It’s no secret America’s past is filled with significant moments that changed the course of our history. All those battles where so many lives were lost or the empowering actions made by one brave individual who just wanted to see a change in the world. But have you ever wondered about where these life changing moments occurred? Or what happened to those historical sites afterward?
Well, here is part 1 of 2 lists of 8 once-endangered historic sites that are now thriving and contributing to their communities. The diverse range of places on this list reflects not only their rich history and compelling stories but also the tireless dedication of the people who brought each place back from the brink.
1. Antietam National Battlefield Park | Washington County, Maryland
Not only is Antietam often called the bloodiest day in American History it also ended the Confederate invasion of Maryland and led President Abraham Lincoln to issue the Emancipation Proclamation in 1862. This historic battlefield was almost turned into a shopping center but was stopped in the late 80’s and over the last couple of decades, the history of Antietam has gained more attention, raised some much-needed funding for its preservation, and is today considered one of the nation’s best-preserved Civil War battlefields!
2. Penn School | Saint Helena Island, South Carolina
The Penn School, now a part of the Penn Center (an African-American cultural and educational center), was the first school founded in the Southern U.S. specifically for the education of African-Americans. It was established in 1862 and managed to survive for nearly 100 years, but lost many of the students due to the WWII enlistments and moved away. After that, the institution was never able to fully recover. It wasn’t until the community took control in the 90’s and raised funding for much-needed repairs. Today, the school operates as a museum and special events center, and President Obama included the Penn School as part of the Reconstruction Era National Monument in 2017.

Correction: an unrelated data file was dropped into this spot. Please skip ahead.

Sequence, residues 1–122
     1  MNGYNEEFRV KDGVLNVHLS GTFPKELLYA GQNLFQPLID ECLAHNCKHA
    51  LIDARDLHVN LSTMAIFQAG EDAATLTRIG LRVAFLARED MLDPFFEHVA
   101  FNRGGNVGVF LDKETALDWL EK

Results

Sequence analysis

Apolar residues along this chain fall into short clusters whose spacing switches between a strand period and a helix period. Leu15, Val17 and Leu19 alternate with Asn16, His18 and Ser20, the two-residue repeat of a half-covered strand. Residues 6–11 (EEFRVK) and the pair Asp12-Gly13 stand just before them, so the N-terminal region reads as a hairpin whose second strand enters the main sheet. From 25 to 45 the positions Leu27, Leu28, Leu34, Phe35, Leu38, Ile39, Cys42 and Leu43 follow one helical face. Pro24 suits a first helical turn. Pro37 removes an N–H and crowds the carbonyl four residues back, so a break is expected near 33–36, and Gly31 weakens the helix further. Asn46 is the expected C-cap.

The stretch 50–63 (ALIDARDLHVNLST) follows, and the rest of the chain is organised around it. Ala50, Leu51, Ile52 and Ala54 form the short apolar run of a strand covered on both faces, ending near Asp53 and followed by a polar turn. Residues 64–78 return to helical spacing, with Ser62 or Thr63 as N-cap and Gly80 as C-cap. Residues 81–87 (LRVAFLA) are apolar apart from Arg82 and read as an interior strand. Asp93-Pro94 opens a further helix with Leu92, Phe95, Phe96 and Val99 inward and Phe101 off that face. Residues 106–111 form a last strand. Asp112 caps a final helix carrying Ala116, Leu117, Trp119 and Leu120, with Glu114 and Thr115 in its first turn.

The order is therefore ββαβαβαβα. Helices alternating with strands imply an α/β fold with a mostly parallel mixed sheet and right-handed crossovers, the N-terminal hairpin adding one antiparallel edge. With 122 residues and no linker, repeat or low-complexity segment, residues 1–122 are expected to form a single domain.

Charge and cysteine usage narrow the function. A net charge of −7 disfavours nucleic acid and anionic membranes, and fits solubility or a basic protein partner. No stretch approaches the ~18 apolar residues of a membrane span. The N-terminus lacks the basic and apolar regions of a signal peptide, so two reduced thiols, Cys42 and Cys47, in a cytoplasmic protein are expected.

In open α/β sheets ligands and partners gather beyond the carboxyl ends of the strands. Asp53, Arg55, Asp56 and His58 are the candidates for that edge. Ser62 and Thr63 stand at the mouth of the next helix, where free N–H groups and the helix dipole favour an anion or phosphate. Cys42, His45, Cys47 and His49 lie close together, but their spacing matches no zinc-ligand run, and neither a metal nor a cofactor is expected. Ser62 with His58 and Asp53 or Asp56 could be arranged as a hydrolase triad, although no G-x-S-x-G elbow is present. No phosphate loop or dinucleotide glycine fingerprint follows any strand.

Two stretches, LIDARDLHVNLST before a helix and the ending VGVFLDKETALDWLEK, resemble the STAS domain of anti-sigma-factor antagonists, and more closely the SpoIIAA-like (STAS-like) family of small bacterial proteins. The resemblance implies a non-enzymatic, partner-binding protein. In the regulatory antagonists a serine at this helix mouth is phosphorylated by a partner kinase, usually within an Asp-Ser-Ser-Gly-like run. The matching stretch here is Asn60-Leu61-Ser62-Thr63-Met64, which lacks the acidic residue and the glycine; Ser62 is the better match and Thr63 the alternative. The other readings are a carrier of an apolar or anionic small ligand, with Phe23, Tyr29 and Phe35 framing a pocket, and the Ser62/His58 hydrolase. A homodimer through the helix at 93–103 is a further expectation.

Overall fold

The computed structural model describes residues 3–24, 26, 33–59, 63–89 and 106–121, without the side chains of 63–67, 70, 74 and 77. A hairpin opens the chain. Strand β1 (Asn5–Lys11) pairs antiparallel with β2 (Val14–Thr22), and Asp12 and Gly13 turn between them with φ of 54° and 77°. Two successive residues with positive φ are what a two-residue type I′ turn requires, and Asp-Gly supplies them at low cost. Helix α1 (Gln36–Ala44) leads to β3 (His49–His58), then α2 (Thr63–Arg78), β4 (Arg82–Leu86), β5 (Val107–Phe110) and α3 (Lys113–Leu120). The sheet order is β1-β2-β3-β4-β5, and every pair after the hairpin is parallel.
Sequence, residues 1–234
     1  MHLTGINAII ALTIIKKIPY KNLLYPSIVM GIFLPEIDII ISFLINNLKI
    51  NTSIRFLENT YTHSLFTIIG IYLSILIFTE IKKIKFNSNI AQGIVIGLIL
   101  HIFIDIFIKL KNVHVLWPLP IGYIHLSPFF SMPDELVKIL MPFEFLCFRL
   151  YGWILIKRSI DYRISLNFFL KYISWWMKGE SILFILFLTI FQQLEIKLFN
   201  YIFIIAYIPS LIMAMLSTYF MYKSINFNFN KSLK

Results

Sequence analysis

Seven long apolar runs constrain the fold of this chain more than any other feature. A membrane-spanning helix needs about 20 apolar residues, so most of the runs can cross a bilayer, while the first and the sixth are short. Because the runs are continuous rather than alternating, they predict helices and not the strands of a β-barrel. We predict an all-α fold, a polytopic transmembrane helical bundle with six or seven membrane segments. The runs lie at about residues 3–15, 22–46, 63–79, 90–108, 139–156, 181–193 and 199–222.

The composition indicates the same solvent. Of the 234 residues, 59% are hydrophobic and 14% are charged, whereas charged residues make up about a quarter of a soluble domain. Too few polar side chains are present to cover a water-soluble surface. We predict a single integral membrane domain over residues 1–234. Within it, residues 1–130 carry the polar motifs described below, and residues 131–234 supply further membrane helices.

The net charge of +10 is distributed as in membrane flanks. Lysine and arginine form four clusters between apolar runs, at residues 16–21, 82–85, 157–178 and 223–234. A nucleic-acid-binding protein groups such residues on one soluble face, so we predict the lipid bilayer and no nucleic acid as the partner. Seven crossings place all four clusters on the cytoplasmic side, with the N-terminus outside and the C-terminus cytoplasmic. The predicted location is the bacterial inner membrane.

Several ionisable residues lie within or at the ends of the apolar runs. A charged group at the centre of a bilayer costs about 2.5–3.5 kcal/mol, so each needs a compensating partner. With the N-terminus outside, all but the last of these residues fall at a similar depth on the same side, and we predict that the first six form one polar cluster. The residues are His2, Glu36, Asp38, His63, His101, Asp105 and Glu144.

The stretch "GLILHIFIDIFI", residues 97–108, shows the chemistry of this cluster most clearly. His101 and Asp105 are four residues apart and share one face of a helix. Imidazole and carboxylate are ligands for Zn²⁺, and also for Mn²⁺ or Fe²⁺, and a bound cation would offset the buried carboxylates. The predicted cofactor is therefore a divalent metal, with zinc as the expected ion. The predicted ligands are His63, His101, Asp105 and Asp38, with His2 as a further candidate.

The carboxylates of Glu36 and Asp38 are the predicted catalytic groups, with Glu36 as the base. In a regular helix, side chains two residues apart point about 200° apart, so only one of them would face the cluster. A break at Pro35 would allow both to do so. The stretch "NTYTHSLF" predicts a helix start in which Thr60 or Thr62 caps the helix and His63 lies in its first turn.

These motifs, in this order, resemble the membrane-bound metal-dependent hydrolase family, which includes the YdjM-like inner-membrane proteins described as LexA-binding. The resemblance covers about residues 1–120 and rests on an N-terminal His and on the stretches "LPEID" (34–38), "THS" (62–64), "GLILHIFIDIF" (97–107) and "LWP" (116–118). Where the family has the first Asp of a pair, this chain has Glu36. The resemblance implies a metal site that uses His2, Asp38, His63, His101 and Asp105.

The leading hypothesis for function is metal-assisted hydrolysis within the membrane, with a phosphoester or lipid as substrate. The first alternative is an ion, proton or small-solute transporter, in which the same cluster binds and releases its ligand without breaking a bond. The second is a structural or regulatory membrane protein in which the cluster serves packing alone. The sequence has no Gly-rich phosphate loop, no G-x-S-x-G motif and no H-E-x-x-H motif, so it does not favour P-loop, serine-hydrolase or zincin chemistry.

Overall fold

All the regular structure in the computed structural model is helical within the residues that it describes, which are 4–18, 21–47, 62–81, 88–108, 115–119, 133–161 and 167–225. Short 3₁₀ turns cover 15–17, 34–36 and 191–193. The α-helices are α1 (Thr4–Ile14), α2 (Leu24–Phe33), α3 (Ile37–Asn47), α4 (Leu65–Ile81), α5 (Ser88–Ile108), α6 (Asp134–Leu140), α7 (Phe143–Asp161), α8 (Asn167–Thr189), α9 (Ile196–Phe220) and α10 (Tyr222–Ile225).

3. Historic Boston Theaters | Boston, Massachusetts
Along with the rise of contemporary theater in the early 20th century, the Boston Theater District thrived as the epicenter of the city’s nightlife and social scene. Three of its most prominent theaters—the Paramount Theater, the Modern Theater, and the Boston Opera House—fell into disrepair as the surrounding area faced economic distress. In 1995, the City, nonprofits, developers, and many others took a stand to rehabilitate and reopen the theaters as arts and entertainment venues. This action contributed to the revitalization of the surrounding neighborhood, and the National Trust gave the theaters a Preservation Honor Award in 2011.
4. Governors Island National Monument | New York, New York
From playing a pivotal role in the Revolutionary War to serving as a major United States Coast Guard installation during the mid-20th century, Governors Island was once the nation's oldest continuously used military post. The base was identified for closure in 1995, but Presidents Bill Clinton and George W. Bush managed to save Governor’s Island and designate it as a National Monument and public park in 2001. Today, the northern half of the landmark is open for public use.
Stay tuned for the rest of the list in our, Retrospective Guide To America’s 8 Endangered Historic Places | Part 2!